7mm PRC: Savage Expands Rifle Lines for New Cartridge


Hornady recently announced the newest cartridge in its Precision Rifle Cartridge series of long-range shooting superstars — the 7mm PRC. Directly on the heels of Hornady’s announcement, Savage Arms revealed its own plans to expand several of its most popular rifle models to include hunt-ready options chambered in Hornady’s newest long-action cartridge.

“We’re thrilled to get these 7mm PRC additions into the hands of Savage fans and shooters everywhere,” said Beth Shimanski, director of marketing at Savage Arms, in a release. “With Savage’s heritage for proven accuracy, these rifles are designed for top performance and match grade accuracy, putting challenging shots and the biggest game in your reach.”

Savage will have several of its factory hunting rifles chambered in 7mm PRC available by the end of the year, including the bolt-action 110 Ultralite, 110 High Country, and 110 Apex Hunter XP, as well as the straight-pull Impulse Big Game and Impulse Mountain Hunter rifles.

Savage’s 7mm PRC rifles all feature barrels with a 1:8” twist rate, ideal for stabilizing long, heavy-for-caliber, high BC bullets. Savage claims their models can pitch 180-grain bullets from a 24-inch barrel at a pretty impressive 3,000 fps.

Shooters can also do a barrel swap on any existing long-action rifle with a .540-inch bolt face, like the 7mm Rem Mag or .300 Win Mag, to accommodate the new cartridge.

Why Make the Switch?

Shooting long, high BC .284 caliber projectiles, the cutting-edge 7mm PRC slides perfectly into the gap between 6mm PRC and .300 PRC.

With a slightly shorter case length but the same overall length as the 7mm Rem Mag, the PRC has plenty of headroom for taller, sleeker, more aerodynamic bullets. The design makes the cartridge compatible with the absolute best-performing long-range bullets in production without having to modify your magazine.

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The 7mm PRC performs best out of fast-twisting barrels. One turn every eight inches stabilizes the longer, heavier bullets to cut through practically any atmospheric condition. With just over 17 inches of drop at 400 yards, these cartridges leave plenty of wiggle room when shooting unknown distances. Plus, the 7mm bullets will still be packing plenty of power for dropping muleys, elk, sheep, and moose well beyond that range.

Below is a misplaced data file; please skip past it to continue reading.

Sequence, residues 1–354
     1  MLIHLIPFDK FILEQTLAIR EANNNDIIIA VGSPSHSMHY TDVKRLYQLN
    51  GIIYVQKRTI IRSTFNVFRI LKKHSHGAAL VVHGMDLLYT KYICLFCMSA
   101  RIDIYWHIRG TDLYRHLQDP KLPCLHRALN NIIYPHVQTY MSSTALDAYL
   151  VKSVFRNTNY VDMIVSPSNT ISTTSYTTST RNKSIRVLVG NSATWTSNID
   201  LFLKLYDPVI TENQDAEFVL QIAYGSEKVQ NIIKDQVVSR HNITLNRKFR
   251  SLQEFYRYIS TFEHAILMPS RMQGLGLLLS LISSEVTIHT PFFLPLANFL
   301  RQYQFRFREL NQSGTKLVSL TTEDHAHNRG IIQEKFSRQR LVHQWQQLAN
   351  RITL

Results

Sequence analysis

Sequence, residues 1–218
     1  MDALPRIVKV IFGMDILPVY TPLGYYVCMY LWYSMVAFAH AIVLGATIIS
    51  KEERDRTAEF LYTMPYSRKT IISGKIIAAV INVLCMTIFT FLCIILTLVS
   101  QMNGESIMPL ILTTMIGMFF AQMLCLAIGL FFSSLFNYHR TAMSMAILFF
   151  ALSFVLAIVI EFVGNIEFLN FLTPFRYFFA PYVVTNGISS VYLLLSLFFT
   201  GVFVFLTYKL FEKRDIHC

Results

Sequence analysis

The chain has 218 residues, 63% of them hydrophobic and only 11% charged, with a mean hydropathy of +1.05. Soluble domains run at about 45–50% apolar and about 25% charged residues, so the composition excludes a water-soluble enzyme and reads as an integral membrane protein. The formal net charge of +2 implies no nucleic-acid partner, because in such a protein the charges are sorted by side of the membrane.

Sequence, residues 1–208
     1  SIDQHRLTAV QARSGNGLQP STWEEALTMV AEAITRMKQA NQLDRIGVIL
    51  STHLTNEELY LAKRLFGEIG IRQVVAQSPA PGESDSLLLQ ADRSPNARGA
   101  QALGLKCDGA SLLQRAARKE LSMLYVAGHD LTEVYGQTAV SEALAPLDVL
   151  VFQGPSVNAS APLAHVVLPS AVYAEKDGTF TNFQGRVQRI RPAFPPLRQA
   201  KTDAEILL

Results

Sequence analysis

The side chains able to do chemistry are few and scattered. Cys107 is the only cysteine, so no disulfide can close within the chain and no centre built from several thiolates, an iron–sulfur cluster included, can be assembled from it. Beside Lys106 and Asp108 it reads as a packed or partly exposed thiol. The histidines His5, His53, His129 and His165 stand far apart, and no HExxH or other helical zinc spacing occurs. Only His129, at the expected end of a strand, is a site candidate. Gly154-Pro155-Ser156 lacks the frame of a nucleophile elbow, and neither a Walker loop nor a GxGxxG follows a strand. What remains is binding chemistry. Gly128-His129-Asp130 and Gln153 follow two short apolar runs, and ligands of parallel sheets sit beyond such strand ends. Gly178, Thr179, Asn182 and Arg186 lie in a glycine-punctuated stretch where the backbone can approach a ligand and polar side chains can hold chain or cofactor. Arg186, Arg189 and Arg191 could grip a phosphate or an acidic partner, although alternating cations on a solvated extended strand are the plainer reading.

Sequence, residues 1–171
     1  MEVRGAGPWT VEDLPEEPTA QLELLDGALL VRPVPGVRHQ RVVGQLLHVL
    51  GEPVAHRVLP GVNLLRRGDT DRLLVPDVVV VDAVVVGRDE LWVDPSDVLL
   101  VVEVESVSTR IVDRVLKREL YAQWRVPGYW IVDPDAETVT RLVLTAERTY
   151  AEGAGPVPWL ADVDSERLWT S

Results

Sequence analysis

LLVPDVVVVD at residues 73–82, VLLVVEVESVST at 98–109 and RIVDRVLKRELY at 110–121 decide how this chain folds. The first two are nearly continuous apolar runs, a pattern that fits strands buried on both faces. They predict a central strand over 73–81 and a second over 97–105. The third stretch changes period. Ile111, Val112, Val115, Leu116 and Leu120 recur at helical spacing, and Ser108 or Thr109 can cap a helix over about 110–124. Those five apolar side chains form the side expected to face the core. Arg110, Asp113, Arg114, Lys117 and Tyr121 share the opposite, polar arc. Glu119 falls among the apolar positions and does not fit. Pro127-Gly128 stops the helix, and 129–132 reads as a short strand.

Yes, this is a magnum cartridge. However, as far as magnums go, the recoil on this one is surprisingly manageable. It is relatively comparable to the 7mm Rem Mag and definitely milder than the .300 Win Mag.

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What Hornady Has to Offer

Hornady is currently offering the 7mm PRC in three different factory loads.

Target shooters will appreciate Hornady’s Match load, featuring 180-grain ELD-M bullets with a freakishly high BC of .796 (G1). The ELD-M projectile is currently one of the flattest-shooting bullets on the face of the planet.

Hornady also offers its Outfitter line with 160-grain CX expanding copper-alloy bullets for big-game hunters and their Precision Hunter loads. Topped with 175-grain ELD-X, Precision Hunter features a heat shield tip that resists the high temperature generated by the cartridge’s blistering speeds.

Hornady also loads its 7mm PRC cartridges with temperature-stable, magnum-speed propellants for consistent velocity and longer barrel life.

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7mm PRC Specs

Bullet Diameter: 7mm (.284 inches)Parent Case: .300 PRCCase Length: 2.280 inchesCase Head: 0.532 inchesShoulder Angle: 30 degreesMuzzle Velocity: 2,900 to 3,000 fpsSAAMI Max Pressure: 65,000 psi

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Savage Rifles Available in 7mm PRC:

  • 110 Ultralite: $1,649
  • 110 Ultralite HD: $1,649
  • 110 Ultralite Camo: $1,699
  • 110 High Country: $1,239
  • 110 Timberline LH: $1,239
  • Impulse Big Game: $1,449
  • Impulse Mountain Hunter: $2,437
  • 110 Apex Hunter XP: $736
  • 110 Apex Storm XP: $819
  • 110 Apex Hunter XP LH: $709

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Ethan Smith is a seasoned marine veteran, professional blogger, witty and edgy writer, and an avid hunter. He spent a great deal of his childhood years around the Apache-Sitgreaves National Forest in Arizona. Watching active hunters practise their craft initiated him into the world of hunting and rubrics of outdoor life. He also honed his writing skills by sharing his outdoor experiences with fellow schoolmates through their high school’s magazine. Further along the way, the US Marine Corps got wind of his excellent combination of skills and sought to put them into good use by employing him as a combat correspondent. He now shares his income from this prestigious job with his wife and one kid. Read more >>